Too Much, Too Young

A total of 650 million: This is the number of all girls and women alive in 2017 who were married as children as the United Nations Population Fund (UNFPA) estimated in its most recent annual report on Child Marriage.

Despite this horrific number, there is good news: “New data confirm that child marriage has continued to decline around the world. Globally, the proportion of young women who were married as children decreased by 15% in the last decade, from 1 in 4 to about 1 in 5”, UNFPA states. But still: “Today, an estimated 12 million girls are married in childhood each year.”

Child marriage is detrimental to the cycle of poverty. It brings the childhood of young girls to an abrupt end and condemns them to a life of disadvantage.

What is Child Marriage?

Child marriage is defined by the UNFPA as “any formal or informal union where one or both parties are under the age of 18.”

It is a violation of Article 16(2) of the Universal Declaration of Human Rights, which states that ‘marriage shall be entered into only with the free and full consent of the intending spouses’

While boys are affected by the practice, it affects girls in far greater numbers and with much graver consequences.

Why Does Child Marriage Happen?

The practice is driven by a range of varying and complex issues that can differ vastly between countries and communities (UNFPA). However, at its core, child marriage stems from deep-rooted gender inequality and the belief that girls are somehow inferior to boys.

Child Marriage in Thailand

Although statutory law in Thailand states the minimum age for marriage is 17, this often acts in contraction to customary and traditional laws (WHO).

WHO (2012) reports that 4% of girls were married by 15 and 22% by 18. Poverty is a prevalent and real issue facing many families in Thailand, and so the bride price system (Khongman) is often seen as an incentive for families to marry their daughters young. Unfortunately, the younger the bride the higher the Khongman.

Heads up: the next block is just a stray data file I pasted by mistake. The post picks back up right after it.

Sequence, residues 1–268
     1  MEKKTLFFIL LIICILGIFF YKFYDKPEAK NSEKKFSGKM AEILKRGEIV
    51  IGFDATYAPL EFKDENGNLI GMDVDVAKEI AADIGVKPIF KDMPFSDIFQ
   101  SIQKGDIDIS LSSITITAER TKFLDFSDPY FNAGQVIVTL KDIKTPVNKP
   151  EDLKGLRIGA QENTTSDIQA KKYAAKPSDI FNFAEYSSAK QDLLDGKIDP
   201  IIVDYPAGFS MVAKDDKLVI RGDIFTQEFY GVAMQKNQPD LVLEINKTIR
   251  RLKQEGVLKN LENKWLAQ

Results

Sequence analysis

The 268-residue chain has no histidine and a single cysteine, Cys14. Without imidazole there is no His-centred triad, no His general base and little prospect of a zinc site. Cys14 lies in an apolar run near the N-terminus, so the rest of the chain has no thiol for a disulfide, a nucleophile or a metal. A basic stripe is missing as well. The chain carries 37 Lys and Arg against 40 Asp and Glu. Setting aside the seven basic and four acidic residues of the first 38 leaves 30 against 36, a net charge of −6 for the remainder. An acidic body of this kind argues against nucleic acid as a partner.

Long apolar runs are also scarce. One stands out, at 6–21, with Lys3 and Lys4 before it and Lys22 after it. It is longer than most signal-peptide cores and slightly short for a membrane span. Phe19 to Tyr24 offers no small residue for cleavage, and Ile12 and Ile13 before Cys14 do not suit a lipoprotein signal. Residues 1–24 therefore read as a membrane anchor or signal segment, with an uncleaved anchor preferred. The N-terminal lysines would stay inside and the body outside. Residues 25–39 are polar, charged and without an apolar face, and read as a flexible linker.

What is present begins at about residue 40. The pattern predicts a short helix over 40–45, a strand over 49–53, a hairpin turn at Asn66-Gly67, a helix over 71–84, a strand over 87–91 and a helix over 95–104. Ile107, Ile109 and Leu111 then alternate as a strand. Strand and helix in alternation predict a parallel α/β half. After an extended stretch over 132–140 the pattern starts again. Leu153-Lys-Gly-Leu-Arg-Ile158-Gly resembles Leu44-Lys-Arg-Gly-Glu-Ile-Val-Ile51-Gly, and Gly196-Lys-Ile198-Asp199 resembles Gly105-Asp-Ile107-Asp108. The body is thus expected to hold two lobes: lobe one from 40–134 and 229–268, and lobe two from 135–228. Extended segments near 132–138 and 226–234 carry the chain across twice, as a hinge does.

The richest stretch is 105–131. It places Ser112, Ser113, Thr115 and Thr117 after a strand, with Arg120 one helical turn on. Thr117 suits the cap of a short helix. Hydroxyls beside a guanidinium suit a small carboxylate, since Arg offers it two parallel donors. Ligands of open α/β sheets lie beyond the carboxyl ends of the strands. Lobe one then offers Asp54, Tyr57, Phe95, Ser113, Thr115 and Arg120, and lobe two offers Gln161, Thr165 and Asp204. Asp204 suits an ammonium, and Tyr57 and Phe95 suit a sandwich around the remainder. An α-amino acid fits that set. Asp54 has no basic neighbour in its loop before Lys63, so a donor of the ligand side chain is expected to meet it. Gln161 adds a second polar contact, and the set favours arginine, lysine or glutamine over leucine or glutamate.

What Can We Do?

Education equals empowerment. When girls are given their right to education, great things can happen.To empower girls, we must keep them in school throughout their adolescence. Education provides girls with social and economic alternatives to marriage and keeps them safe from many forms of exploitation. It broadens their opportunities exponentially and gives them the life skills essential for navigating the world and making informed decisions about their health, work, families, and communities. 

The effects of delaying marriage and prioritizing education are clear:

  • Children of literate mothers are 50% more likely to survive past the age of 5.
  • Girls with secondary education are six times less likely to marry being under age compared to those with little or no education.
  • Women who receive education invest up to 90% of their earnings back into their own families.
  • Investing in girls and their education means up to 5% more annual growth per capita in comparison to countries with the lowest levels of education.

These statistics are powerful and speak for themselves. It is clear that girls can be incredible agents for change and investing in them is an investment in families, communities, and the development of countries.

Here at Center for Girls, we strongly believe in the power of girls and women. We’re constantly thinking of new and innovative ways to tackle the issue of child marriage in our local communities.

However, as such a small organization, funding drives the extent of the change we’re able to make. If you would like to make a real and sustainable difference in the lives of girls here in Chiang Khong please consider sharing and donating.


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